In 2004 I was in East Liverpool when a young woman named Tiffany Faulk was murdered by her boyfriend who beat her to death with a baseball bat when he was “ cracked out, “ on a mix of drugs. I was not looking for violence, murder, or drugs, but, it was a simple fact. Drugs are there and this murder happened. This is the reality of the place. As a documentary Artist I felt the responsibility to get to work. I respectfully approached Tiffany Faulks family and they allowed me to photograph at her funeral. The photographs that I made that day were the beginning of this project.
Tiffany Faulk lies dead in a coffin with two of her friends grieving by her side. Tiffany was murdered by her boyfriend who beat her with a baseball bat to the back of her head seventy two times. Tiffany’s boyfriend was “cracked out,” on drugs including crystal meth.Tiffany was also five months pregnant. The brutality of the murder shocked East Liverpool and was a wake up call to many about the drug problem in the whole area.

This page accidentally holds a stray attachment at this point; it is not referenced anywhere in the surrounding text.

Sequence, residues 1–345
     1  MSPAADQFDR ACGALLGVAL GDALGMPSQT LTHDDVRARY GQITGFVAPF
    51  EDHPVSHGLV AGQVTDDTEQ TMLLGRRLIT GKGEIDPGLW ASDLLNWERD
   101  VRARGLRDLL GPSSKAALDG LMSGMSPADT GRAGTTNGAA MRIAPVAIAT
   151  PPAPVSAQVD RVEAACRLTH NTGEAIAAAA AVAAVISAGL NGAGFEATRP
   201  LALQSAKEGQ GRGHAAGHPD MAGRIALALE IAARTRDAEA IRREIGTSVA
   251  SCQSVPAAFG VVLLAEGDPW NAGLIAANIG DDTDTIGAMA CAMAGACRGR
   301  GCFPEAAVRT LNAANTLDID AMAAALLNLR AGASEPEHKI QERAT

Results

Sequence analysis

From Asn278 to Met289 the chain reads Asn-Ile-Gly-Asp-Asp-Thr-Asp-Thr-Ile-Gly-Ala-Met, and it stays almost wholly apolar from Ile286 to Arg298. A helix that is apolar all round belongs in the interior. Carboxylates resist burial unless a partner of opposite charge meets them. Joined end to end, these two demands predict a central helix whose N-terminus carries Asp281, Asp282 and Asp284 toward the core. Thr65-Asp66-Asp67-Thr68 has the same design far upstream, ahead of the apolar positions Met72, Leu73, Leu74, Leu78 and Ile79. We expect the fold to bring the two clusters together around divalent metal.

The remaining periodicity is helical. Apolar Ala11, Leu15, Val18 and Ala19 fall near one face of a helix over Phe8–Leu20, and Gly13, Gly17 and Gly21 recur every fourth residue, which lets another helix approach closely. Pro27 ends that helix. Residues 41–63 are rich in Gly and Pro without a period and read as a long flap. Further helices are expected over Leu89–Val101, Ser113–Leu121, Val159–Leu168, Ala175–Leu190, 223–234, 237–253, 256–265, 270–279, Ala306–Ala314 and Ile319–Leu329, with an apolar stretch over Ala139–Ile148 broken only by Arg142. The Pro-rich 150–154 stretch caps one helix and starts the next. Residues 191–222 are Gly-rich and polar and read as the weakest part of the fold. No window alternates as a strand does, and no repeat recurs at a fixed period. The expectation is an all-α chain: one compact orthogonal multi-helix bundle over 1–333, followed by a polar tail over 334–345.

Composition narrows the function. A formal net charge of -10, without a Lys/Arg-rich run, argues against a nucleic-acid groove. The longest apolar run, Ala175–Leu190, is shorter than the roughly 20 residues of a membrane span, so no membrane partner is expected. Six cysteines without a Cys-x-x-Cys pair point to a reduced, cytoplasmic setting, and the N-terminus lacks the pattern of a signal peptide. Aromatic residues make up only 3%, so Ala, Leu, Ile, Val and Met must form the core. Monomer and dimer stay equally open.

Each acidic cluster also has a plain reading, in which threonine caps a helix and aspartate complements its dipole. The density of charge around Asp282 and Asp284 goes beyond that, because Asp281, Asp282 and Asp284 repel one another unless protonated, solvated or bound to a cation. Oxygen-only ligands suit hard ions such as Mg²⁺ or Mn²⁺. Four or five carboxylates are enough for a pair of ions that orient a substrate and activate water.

This project is about community, struggle, individuals. It’s about watching a friend die of cancer like many others in the community because of toxic hazardous waste being spilled in the area. It’s about the horrible ease of getting drugs like heroin, and watching it destroy people and communities. It’s also about trying to see the best in people and hoping they will come through. It’s about connection, friendships, race, lack of opportunity. It’s about the human condition in all of its complexity. It’s about the difficulty in judging or moralizing people, and what those boundaries are. It’s about my personal relationship with a country, a place and it’s people. It’s about really listening to what people are saying. It’s about going further than your average news pic. It’s about exploring the subconscious of a place. It’s about our zeitgeist. It’s about what is really there.
The bed of a heroin addict in East Liverpool, Ohio, USA.